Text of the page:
Tyndale Baptist Church is open for worship on Sunday mornings at 10.30 am

Read Michael’s September pastoral letter.

Tuesday Coffee Shop reopens on 13th September at 10 am – 12 noon. time@tyndale reopens on Wednesday 15th at 7.30 pm. Virtual Coffee Shop moves to Thursdays at 11 am from the 16th. You can still get Morning Worship online and read the Thought for the Day.

2nd October 2020

Many of us are music-lovers. Whether it’s classical, pop, heavy metal, jazz, folksy stuff or anything else that turns us on, it matters to us. But you may find that over the years your particular “tastes” have changed in some way. When I was a student, and Bach and Mozart were top of my list, I would never have imagined that one day Elgar – that flag-waving “Pomp and Circumstance” stuff! – would also move into my classical Premier League Table. Later, I heard, Elgar himself detested the words of “Land of Hope and Glory” and refused to sing them. More important, I discovered much more of his music. Or rather, the music discovered me. Some music, when we don’t just hear it with our ears but allow it to get inside our mind and heart, sets up resonances with chords deep within us that we didn’t realise were there: feelings born of memories, anxieties, loves, disappointments, longings and hopes. Music sets the strings of our heart vibrating in new ways, creating fresh harmonies. Music doesn’t just awaken us to new pictures of the world; it also invites us, each one, to a new understanding of ourselves, of who we are and above all of what we can still grow into being.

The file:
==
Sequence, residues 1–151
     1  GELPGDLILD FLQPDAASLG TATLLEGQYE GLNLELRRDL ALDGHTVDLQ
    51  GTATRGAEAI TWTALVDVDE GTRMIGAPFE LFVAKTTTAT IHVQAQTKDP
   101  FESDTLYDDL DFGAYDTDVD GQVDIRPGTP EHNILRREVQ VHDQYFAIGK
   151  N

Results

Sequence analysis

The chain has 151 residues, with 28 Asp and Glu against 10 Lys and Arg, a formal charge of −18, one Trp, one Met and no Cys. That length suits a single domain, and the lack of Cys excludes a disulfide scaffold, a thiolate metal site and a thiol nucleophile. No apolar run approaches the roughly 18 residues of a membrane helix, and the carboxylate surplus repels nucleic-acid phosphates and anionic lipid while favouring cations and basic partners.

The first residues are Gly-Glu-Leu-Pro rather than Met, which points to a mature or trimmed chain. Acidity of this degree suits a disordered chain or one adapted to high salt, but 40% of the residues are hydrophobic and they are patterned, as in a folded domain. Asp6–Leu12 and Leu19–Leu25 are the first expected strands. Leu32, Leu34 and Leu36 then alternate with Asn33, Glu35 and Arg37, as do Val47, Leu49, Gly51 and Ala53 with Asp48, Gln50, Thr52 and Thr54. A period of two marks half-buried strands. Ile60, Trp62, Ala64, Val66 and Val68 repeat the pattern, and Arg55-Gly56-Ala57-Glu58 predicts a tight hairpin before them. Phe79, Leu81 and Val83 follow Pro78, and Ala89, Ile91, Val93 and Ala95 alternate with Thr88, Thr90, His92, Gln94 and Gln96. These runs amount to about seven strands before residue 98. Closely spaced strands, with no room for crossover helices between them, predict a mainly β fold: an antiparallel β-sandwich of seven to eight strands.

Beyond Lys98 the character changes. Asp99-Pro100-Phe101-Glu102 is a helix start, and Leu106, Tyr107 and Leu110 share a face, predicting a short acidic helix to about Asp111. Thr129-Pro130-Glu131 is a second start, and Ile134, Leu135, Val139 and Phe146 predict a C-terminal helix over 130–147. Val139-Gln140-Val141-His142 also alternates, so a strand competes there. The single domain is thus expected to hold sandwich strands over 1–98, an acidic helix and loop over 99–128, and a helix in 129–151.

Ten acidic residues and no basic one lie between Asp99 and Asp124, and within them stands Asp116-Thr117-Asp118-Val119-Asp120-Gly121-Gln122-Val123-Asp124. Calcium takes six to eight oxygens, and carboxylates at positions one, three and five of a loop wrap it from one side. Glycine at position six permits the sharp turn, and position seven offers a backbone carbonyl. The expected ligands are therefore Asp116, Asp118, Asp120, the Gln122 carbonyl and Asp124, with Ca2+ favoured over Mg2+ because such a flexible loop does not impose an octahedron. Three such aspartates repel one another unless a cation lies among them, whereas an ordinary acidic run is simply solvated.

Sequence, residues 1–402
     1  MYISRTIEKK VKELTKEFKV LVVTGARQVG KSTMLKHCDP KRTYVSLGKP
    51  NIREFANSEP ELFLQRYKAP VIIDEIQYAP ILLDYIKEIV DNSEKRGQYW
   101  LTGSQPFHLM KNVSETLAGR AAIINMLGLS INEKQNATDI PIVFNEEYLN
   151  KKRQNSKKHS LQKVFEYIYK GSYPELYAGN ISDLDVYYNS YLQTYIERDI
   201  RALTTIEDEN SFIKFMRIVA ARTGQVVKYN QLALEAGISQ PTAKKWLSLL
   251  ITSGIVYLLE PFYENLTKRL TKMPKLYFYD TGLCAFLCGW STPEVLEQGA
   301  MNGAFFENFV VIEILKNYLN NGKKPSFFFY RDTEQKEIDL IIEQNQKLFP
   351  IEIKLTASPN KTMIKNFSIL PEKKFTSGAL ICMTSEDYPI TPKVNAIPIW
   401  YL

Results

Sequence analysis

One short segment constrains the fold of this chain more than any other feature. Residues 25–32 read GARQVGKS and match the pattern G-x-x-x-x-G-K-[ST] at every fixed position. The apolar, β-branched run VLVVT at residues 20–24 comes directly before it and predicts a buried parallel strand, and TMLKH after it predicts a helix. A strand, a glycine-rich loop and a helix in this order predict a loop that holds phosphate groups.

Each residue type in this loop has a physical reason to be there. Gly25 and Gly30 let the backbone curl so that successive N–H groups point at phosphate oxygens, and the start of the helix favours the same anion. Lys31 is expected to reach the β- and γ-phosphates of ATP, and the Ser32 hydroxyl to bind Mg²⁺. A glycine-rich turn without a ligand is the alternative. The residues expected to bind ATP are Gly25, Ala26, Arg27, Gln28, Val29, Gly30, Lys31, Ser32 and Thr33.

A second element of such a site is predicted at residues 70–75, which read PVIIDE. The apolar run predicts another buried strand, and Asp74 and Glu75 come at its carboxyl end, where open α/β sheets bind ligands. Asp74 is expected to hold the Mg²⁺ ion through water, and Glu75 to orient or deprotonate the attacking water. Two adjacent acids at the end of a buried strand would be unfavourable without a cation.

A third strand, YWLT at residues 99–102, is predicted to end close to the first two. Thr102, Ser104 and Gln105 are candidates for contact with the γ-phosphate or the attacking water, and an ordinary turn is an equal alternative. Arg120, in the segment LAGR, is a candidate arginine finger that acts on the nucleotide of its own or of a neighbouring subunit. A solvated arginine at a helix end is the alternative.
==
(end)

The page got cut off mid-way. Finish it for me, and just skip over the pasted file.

It’s no accident that music has always been closely connected with faith, which is likewise a matter of growing in knowledge both of God and ourselves. That’s why we need to keep on reading the Bible, more of it than we are familiar with at present. We don’t just read it – it reads us!

Keith Clements